Yet another problem for IIT is, as the computer scientist Scott Aaronson pointed out, that one can think of rather trivial systems, that solve some mathematical problem, which distribute information during the calculation in such a way that Phi becomes very large. This demonstrates that Phi in general says nothing about consciousness, and in my opinion this just kills the idea.
Nevertheless, integrated information theory was much discussed at the Oxford workshop. Another topic that received a lot of attention is the idea by Roger Penrose and Stuart Hamaroff that consciousness arises from quantum effects in the human brain, not in synapses, but in microtubules. What the heck are microtubules? Microtubules are tiny tubes made of proteins that are present in most cells, including neurons. According to Penrose and Hameroff, in the brain these microtubules can enter coherent quantum states, which collapse every once in a while, and consciousness is created in that collapse.
Most physicists, me included, are not terribly excited about this idea because it’s generally hard to create coherent quantum states of fairly large molecules, and it doesn’t help if you put the molecules into a warm and wiggly environment like the human brain. For the Penrose and Hamaroff conjecture to work, the quantum states would have to survive at least a microsecond or so. But the physicist Max Tegmark has estimated that they would last more like a femtosecond, that’s only ten to the minus fifteen seconds.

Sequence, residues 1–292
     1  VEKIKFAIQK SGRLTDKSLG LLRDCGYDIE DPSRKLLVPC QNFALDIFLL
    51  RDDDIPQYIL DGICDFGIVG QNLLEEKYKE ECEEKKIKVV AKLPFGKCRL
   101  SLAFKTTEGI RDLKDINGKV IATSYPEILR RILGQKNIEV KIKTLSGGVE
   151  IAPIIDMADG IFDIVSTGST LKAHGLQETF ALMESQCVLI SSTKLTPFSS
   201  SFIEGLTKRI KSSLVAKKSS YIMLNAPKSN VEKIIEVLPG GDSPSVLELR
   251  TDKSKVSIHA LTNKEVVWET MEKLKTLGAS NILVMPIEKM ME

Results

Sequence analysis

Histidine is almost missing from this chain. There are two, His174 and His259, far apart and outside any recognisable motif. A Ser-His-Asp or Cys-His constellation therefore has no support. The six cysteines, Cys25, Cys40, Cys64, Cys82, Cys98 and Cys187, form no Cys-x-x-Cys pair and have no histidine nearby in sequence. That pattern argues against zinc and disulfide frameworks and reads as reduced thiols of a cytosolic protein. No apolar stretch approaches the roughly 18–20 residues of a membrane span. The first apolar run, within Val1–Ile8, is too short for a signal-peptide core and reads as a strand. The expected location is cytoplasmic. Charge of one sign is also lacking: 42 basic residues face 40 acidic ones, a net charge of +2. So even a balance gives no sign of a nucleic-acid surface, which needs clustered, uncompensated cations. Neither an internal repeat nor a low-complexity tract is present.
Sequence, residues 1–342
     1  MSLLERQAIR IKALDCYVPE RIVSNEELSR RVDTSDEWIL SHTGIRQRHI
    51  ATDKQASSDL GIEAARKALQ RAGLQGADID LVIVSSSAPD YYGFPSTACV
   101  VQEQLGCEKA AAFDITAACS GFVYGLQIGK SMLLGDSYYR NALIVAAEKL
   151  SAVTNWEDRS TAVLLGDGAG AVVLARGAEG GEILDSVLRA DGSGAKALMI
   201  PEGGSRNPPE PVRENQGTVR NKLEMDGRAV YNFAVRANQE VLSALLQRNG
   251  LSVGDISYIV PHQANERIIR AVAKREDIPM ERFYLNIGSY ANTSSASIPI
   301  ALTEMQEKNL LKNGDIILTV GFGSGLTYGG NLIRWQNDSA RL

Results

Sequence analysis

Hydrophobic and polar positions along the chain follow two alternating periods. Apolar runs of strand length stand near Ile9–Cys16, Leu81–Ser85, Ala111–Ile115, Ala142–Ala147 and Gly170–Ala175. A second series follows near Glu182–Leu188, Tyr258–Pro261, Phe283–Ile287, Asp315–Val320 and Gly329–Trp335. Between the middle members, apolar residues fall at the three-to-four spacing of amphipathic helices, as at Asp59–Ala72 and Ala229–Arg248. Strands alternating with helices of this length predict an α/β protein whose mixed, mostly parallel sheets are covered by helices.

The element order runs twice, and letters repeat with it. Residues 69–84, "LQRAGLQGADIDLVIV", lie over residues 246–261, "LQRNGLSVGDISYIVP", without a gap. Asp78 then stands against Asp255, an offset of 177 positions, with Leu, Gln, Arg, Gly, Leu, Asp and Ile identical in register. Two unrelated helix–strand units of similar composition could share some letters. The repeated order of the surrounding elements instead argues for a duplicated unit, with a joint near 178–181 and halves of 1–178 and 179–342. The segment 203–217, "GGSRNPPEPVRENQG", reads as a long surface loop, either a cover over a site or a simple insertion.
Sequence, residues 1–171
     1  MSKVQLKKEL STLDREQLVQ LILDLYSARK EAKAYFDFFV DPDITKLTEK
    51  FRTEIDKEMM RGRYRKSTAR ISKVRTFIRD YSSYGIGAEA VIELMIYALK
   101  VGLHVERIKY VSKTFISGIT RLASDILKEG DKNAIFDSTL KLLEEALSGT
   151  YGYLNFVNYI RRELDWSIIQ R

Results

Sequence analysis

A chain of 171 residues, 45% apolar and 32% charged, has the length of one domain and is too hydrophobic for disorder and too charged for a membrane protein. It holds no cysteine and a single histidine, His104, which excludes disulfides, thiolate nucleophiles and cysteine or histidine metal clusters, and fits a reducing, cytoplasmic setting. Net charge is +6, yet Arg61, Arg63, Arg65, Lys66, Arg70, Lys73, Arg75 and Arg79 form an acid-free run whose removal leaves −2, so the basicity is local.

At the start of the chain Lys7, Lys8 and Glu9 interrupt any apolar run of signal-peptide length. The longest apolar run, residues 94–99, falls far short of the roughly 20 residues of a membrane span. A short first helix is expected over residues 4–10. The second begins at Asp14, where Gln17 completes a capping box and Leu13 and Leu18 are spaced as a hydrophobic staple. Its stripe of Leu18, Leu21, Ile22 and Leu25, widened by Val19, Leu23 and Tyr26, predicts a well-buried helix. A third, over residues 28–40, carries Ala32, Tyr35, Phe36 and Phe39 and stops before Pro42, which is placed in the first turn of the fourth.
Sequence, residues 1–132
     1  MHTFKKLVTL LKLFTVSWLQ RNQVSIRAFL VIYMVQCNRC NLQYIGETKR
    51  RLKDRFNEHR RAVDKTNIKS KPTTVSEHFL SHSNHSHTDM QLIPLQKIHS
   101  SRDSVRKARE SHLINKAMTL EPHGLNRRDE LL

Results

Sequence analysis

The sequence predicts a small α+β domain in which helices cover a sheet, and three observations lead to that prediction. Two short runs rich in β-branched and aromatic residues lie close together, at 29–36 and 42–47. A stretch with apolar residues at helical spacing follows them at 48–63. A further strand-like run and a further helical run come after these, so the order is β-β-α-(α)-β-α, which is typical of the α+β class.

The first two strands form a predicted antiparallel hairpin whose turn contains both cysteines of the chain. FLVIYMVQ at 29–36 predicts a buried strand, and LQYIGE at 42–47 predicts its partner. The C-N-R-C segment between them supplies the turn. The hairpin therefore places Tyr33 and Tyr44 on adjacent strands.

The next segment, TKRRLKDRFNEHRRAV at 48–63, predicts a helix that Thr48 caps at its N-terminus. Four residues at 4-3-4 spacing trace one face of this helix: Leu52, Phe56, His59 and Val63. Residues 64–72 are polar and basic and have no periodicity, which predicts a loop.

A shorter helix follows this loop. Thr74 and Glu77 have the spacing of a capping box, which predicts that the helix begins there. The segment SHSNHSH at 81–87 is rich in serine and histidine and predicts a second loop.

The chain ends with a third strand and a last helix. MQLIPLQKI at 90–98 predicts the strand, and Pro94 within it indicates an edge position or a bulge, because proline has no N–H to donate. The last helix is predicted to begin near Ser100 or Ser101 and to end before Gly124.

Penrose and Hameroff are not the only ones who pursue the idea that quantum mechanics has something to do with consciousness. The climate physicist Tim Palmer also thinks there is something to it, though he is more concerned with the origins of creativity specifically than with consciousness in general.
According to Palmer, quantum fluctuations in the human brain create noise, and that noise is essential for human creativity, because it can help us when a deterministic, analytical approach gets stuck. He believes the sensitivity to quantum fluctuations developed in the human brain because that’s the most energy-efficient way of solving problems, but it only becomes possible once you have small and thin neurons, of the types you find in the human brain. Therefore, palmer has argued that low-energy transistors which operate probabilistically rather than deterministically, might help us develop artificial intelligent that’s actually intelligent.
Another talk that I thought was interesting at the Oxford workshop was that by Ramon Erra. One of the leading hypothesis for how cognitive processing works is that it uses the synchronization of neural activity in different regions of the brain to integrate information. But Erra points out that during an epileptic seizure, different parts of the brain are highly synchronized.